Leslie Carol Botha: Jed Diamond with be joining me on Holy Hormones Honey! on Monday, October 8 from 6 to 7 pm MDT on KRFC FM. It will be very interesting interview. It is crucial men and women understand each other to start healing.
Why Are Men So Angry?
by Jed Diamond
September 26, 2012
“Last month a man came home from work with my husband’s face but he did not act at all like the man I married,” says Marie, a 42 year-old wife and mother of three. “I’ve known this man for 30 years, married 22 of them and have never met this guy before. Angry, nasty, and cruel are just a few words to describe him. He used to be the most upbeat, happy person I knew. Now it’s like being married to an angry brick. In spite of how he treats me I still love my husband and want to save our marriage. Please, can you help me?”
This is typical of the thousands of letters and e-mails I have received from women all over the world since The Irritable Male Syndrome: Understanding and Managing the 4 Key Causes of Depression and Aggression was first published by Rodale in 2004. More and more women are feeling the pain of living with angry men and want help for themselves, their children, and for the man they all love.
Although anger has a negative impact on men, I learned that it is often the women and children who suffer the most. “Recently, he has begun venting, to anyone who will listen, about how horrible we all are,” 53 year-old Jennifer wrote me. “If our adult-children aren’t living up to his standards, it is my fault. If he can’t find his socks, he accuses me of misplacing them, just to piss him off. I’m not kidding—that’s what he tells me. What hurts the most is that he has withdrawn all affection. It’s like someone transformed him from Dr. Jekyll to Mr. Hyde. I want my husband back!”
Anger is an increasingly serious problem in our society today according to Martin E.P. Seligman, Ph.D., Professor of Psychology at the University of Pennsylvania and former President of the American Psychological Association. “Out-of-hand anger ruins many lives,” he says. “More, I believe, than schizophrenia, more than alcohol, more than AIDS. Maybe even more than depression.” Seligman’s research also shows that when couples fight, it can damage their children, often in lasting ways.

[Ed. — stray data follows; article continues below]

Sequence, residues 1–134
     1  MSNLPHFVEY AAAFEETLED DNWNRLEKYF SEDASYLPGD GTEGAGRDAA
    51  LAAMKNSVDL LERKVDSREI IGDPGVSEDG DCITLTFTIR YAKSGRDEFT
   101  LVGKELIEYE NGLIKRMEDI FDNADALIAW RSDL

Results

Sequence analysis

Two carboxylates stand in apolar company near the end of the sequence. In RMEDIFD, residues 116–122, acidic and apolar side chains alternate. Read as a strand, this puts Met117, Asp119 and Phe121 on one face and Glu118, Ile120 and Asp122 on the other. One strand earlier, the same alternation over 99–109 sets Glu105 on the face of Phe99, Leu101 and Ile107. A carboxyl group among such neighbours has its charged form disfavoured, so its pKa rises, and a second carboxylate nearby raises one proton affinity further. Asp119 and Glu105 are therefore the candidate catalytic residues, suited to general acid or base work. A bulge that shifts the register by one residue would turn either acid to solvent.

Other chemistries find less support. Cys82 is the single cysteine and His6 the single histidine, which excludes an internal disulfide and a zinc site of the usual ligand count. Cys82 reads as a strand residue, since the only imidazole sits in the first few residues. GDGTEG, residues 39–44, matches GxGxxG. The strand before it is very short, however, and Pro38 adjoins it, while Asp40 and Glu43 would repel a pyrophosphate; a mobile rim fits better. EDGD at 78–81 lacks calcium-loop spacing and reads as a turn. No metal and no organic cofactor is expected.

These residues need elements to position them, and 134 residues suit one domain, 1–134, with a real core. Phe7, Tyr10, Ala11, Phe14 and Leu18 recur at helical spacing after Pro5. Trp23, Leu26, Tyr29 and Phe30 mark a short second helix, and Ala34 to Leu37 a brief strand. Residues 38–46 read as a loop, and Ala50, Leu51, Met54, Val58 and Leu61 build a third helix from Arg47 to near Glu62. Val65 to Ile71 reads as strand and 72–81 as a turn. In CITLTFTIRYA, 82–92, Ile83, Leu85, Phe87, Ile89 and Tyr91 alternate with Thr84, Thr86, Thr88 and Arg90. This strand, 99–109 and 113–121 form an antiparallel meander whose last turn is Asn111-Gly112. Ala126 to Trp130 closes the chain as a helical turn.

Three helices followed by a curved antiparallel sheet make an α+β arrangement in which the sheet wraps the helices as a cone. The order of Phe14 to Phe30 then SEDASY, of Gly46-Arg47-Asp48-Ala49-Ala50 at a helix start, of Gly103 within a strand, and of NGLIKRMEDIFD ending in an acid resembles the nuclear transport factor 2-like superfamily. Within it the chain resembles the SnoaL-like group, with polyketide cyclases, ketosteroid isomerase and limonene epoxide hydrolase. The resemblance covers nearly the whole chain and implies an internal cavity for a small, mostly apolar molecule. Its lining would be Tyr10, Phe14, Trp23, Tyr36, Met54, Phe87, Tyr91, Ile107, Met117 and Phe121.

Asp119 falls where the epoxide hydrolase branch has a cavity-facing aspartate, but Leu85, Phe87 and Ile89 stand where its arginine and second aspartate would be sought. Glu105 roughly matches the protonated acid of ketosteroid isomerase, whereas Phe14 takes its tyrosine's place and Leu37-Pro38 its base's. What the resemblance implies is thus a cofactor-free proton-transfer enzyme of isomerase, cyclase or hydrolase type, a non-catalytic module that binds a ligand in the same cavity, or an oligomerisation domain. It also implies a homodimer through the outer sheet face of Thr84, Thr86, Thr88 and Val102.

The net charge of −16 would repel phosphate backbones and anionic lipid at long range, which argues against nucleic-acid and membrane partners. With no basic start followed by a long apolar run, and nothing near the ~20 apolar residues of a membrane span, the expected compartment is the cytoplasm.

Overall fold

Anger Comes in Different Forms
Paul Ekman, Ph.D., one of the world’s experts on emotions and author of Emotions Revealed, says that anger is expressed in many ways. “There is a range of angry feelings, from slight annoyance to rage. There are not just differences in the strength of angry feelings, but also differences in the kind of anger felt. Indignation is self-righteous anger, sulking is passive anger; exasperation refers to having one’s patience tried excessively. Revenge is a type of angry action usually committed after a period of reflection about the offense.”
We often perceive anger as a negative emotion that can damage people and their relationships, yet anger can also lead to emotional and spiritual growth. The practices readers will learn in the book can deepen and enrich their ability to be more loving to their partner and to others. In his book Anger: Wisdom for Cooling the Flames, Buddhist monk and peace activist Thich Nhat Hahn says, “In the past, we were allied in making each other suffer more, allied in the escalation of anger. “Now we want to be allied in taking good care of our sorrow, our anger, and our frustration. We want to negotiate a strategy for peace.”